Two major considerations stand between the plaintiff and collecting money from a defendant: (1) a good case and (2) the defendant’s ability to pay. Unfortunately, the plaintiff needs BOTH to recover money owed. All too often a plaintiff has a winnable case, but the elephant in the room remains: will the plaintiff ever get paid by the defendant?
The excitement from a courtroom victory and a judgment is often tempered by what a victorious plaintiff often leaves the courtroom without: payment. The defendant is often allowed to leave the courthouse without paying the plaintiff a dime, and the plaintiff leaves the courthouse with merely a judgment on a piece of paper. So the value of a judgment is not solely determined by the amount of the judgment, but more importantly, the defendant’s ability and desire to pay.
Except when the defendant has insurance or a bond to pay the judgment, the plaintiff will have to collect money directly from the defendant. The defendant becomes plaintiff’s debtor, and the plaintiff becomes defendant’s creditor. The creditor’s collection is far from guaranteed, as the creditor will have to find the debtor’s non-exempt property, if any exists. Texas law generally allows an individual debtor quite a bit of property exempt from seizure by a creditor. A creditor generally cannot seize an individual debtor’s homestead, retirement accounts, college savings accounts, and personal property totaling $30,000 for individuals and $60,000 for a family. A creditor generally cannot seize an individual debtor’s wages either. Fortunately for creditors, asset protection for entities are far more favorable to creditors.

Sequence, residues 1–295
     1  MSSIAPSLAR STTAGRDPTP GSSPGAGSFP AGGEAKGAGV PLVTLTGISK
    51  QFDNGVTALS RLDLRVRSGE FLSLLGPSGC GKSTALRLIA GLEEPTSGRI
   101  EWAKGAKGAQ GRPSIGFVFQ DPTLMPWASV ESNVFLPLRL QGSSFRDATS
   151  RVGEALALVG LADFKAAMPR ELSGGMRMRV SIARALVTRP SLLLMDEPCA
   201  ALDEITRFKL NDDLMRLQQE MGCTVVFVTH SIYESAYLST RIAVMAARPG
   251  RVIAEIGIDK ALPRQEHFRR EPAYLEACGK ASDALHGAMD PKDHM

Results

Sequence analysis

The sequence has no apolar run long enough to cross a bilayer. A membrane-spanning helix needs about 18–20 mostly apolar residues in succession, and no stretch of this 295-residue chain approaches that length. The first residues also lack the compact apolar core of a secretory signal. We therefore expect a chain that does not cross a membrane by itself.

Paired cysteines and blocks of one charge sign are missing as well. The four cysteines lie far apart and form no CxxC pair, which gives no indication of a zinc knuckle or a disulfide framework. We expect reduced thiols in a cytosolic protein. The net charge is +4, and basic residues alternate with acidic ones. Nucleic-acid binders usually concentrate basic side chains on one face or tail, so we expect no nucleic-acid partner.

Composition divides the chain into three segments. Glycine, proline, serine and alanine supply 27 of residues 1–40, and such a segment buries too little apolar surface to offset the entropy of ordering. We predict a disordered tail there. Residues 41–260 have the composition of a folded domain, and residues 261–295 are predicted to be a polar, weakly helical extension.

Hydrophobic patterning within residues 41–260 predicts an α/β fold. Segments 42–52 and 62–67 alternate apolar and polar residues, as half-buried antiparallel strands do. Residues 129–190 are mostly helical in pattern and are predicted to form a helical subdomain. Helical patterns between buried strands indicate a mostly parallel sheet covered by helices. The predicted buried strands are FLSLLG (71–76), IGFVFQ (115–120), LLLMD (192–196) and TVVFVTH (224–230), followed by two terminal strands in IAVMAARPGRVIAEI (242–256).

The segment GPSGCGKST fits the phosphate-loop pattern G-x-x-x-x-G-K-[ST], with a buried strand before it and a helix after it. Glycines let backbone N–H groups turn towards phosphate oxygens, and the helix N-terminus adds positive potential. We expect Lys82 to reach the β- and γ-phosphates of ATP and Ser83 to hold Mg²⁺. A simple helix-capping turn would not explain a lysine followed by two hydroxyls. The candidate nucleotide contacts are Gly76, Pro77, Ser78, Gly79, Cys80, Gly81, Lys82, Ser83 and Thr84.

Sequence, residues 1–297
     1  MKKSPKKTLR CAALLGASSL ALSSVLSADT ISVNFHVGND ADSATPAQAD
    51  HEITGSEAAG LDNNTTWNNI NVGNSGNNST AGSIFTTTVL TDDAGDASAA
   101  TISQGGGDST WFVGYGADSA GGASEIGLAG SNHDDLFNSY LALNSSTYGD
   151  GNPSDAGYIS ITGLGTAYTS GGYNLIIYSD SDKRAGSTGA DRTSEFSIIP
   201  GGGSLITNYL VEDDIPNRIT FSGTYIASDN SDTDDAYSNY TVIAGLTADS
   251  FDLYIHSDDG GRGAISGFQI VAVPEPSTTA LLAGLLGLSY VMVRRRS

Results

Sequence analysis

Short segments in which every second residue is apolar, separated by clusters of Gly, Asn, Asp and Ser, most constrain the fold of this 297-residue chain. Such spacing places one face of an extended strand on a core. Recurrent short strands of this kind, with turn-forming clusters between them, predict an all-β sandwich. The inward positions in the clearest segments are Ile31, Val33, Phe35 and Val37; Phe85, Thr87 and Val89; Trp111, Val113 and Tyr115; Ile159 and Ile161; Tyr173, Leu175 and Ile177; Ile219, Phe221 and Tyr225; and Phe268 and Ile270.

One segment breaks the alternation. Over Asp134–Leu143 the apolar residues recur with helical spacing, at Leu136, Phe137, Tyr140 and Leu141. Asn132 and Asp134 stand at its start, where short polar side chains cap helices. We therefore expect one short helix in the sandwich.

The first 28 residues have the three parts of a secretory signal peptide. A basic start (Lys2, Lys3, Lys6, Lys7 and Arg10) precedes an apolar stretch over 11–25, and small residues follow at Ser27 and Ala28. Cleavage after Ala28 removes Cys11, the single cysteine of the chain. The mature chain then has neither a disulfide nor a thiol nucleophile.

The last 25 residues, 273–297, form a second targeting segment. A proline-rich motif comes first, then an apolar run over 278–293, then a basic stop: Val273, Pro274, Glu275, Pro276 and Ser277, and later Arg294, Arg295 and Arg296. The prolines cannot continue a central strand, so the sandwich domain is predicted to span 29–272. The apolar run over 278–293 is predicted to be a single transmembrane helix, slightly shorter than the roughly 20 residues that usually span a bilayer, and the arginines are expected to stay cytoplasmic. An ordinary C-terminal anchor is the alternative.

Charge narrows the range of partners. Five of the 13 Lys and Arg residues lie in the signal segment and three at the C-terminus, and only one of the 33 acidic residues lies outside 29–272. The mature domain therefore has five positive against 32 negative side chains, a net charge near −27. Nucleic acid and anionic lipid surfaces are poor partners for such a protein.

An attorney or private investigator can access databases to discover a debtor’s real property, motor vehicles, boats, and airplanes. After obtaining a judgment, the creditor can also send written questions to the debtor, which the debtor must answer under oath, to discover debtor’s assets. The creditor can also take the debtor’s deposition. If the debtor fails to fully and truthfully answer the creditor’s oral or written questions, the creditor can ask the court to sanction the debtor. Sanctions can include money fines or confinement if the debtor continues to fail to fully and truthfully answer the creditor’s questions.
A judgment merely gives a plaintiff the legal right to collect from a defendant. A plaintiff should perform due diligence on a potential defendant’s assets to discover whether this legal right to collect is worth the plaintiff’s time and money.